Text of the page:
Um, I think that we just gave new meaning to see something, say something. And I think that’s also part of our process. Right. And we’re always kind of like all eyes on each other in the room and it a little, a little something comes out and we’re like, Oh yes. uh. Um, so see something, say something. I think that’s a great attitude to have out there in the world. Mmm. And in a studio in a creative place. Yeah. Um, and I also want to take a moment to thank you guys for the say something part, always coming with kindness and with consideration. Mmm. Because anybody that’s working in a creative field knows that collaboration is not always encouraging. There’s, a lot of places, points in the process that you can get ripped apart. And, um, I’ve, I’ve never felt that with you guys and I don’t know if that’s the secret to success or if maybe we’re missing something by being less critical. I don’t know. But I love, I subscribed to the sistership and this is one of my favorite creative processes to be that I’ve ever been involved in. It’s just so nurturing and I think it’s great. Yeah. Amen. 

And to like expand that back out to kind of where we just were. I think that would go towards all of our collaborators as well. Like have people that are very like Uber creative people, but that care. And um, yeah, I would say any of our collaborators really, especially as far as like friends when we coming to filming things. Um, people that see us, people that are excited about, you know, what, what we want to do and they want to get in there and get dirty. Especially as far as like it being a, a project of love and lower means sometimes, but we really make it mean something. 

Yes. Um, financial means and meaningfulness. Yes. Yeah. Or not, uh, not directly linked. Okay. Let’s take a second and talk about our teams then. So we talked a little bit about Lando and the first video, which is called Get Free, right? It was shot by Andrew Rose 

And the song is called Get Free, but we called it Get Sea. 

Oh, great point. Because we love a play on words if you haven’t noticed. Mmm. And then piece number two, we called the “Sea”quel. Whoa. See what we did there. Um, and that was shot and directed. Bye Isaac Ravishankara   um, with Danny Madden as well at the helm. And I don’t know how we even divvied up the titleship to those. It really is it’s big stew. And we just stew in it together.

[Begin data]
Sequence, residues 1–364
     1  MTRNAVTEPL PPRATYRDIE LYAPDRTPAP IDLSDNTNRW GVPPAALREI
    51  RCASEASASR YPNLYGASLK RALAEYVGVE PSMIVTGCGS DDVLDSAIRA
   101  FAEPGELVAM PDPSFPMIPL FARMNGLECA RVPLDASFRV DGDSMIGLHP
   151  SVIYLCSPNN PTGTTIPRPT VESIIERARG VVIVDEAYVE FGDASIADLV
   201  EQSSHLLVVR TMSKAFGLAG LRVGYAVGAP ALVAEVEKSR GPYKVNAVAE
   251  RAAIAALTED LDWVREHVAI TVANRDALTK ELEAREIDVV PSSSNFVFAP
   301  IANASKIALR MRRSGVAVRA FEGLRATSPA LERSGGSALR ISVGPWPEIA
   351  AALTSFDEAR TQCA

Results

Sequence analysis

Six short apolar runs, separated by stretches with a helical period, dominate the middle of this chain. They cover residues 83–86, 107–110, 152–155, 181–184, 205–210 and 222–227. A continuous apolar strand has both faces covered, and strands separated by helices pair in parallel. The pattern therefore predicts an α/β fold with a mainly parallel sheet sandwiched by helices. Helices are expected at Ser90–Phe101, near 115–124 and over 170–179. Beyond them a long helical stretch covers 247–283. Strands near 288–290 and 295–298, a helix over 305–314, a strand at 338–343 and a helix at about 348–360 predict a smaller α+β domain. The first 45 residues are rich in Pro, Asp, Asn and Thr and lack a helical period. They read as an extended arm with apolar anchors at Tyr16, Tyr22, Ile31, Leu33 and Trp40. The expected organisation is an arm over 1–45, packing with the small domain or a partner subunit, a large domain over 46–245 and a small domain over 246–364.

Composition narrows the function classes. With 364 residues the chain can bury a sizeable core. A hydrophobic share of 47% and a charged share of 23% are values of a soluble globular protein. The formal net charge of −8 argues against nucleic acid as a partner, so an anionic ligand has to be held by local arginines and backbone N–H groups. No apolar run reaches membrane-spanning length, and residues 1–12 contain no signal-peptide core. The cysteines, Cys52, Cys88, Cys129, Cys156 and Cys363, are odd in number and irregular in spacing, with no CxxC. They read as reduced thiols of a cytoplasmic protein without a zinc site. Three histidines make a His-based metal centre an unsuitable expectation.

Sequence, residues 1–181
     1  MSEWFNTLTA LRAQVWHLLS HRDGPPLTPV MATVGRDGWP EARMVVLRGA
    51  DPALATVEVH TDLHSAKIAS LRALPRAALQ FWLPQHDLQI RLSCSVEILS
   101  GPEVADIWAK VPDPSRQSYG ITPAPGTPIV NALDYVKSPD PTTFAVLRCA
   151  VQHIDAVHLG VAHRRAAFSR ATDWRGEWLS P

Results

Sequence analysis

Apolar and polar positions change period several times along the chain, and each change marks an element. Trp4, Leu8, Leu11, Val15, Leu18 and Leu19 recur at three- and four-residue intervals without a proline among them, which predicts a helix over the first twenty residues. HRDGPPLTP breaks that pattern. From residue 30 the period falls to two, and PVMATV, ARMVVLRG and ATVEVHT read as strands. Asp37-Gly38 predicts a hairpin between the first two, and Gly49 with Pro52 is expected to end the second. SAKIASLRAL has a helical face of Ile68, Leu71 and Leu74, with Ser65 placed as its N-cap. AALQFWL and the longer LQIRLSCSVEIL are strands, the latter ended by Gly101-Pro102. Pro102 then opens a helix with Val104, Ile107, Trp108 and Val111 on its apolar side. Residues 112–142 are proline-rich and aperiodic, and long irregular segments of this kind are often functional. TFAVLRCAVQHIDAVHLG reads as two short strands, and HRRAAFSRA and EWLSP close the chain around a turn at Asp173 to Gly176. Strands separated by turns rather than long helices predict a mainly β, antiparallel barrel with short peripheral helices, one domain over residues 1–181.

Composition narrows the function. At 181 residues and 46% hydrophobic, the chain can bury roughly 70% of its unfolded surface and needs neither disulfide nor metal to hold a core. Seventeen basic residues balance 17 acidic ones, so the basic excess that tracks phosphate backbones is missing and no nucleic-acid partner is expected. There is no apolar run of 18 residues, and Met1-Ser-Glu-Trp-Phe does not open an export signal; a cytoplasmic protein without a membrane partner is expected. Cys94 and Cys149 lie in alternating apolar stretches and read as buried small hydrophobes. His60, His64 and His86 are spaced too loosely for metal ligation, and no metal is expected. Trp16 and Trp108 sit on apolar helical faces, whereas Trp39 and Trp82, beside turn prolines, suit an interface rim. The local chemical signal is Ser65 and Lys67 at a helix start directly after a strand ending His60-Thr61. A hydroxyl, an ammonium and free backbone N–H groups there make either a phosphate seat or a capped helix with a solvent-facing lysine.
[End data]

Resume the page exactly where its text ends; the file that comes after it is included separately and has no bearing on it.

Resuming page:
You hold the camera, you throw the water balloon no more in the face. Now hold it. 

Right, right. Um, so and so’s working on storyboard. Will so-and-so is cutting a wig. Well, so-and-so is making the costume. Well, so and so is making sure that hard-drives are all freed up. 

That was such a wild weekend. Yeah. We had rented an Airbnb in Joshua tree and it was a weekend of executing the sequel and I have this memory of Danny Madden who is also an animator drawing out the entire storyboard beautifully. I think we still haven’t sent her and uh, and then more friends arrived the next day because we also were performing at Coachella with Hozier that weekend. 

Yes. Yes. And Issac who is a dear friend and director is his job. One of his jobs, he danced with us. Yes. He was my partner. I needed a partner. 

We were rehearsing Friends were filling up water balloons. Matty Peacock’s in the back filling up balloons, all hands on deck, just all the friends and rehearsing in the Airbnb that night, 

Amidst air mattresses. 

And you came out. Mmm. Our jackets our weed jackets, which were so dirty, so dirty with lit, with actual dirt. 

Shout out Pono, cutting our wigs, getting our jackets. Yes. Yes. There were so many good memories that weekend 

Also, I think building and like reinforcing the yes. And uh, there were supposed to be two friends that in the middle of that video there was supposed to be a duel who ended up not making it. And so on the fly in like in the middle of our day when we’re like supposed to shoot it in an hour, we like took like a stop.  Everything stopped down. Yeah. Okay. What else can this be now? Because that was accounting for a big part of the song. And so that’s actually when the kind of water balloon fight, idea of Mirage born, and then there are good. The bad, the ugly moment. Yes. Yeah. It was never, that’s not what that, what we thought we were making, but that’s what we made. 

That’s incredible. I think that’s another kind of brilliant, Mmm. Metaphor is one of the best properties of seaweed is it’s looseness. Right? Totally. Yeah. And we’re, we’re were three ladies that individually have a lot of plans. We’re very good at making plans, but we’re also very good at rolling with it. When the plans change, would they, which they ultimately will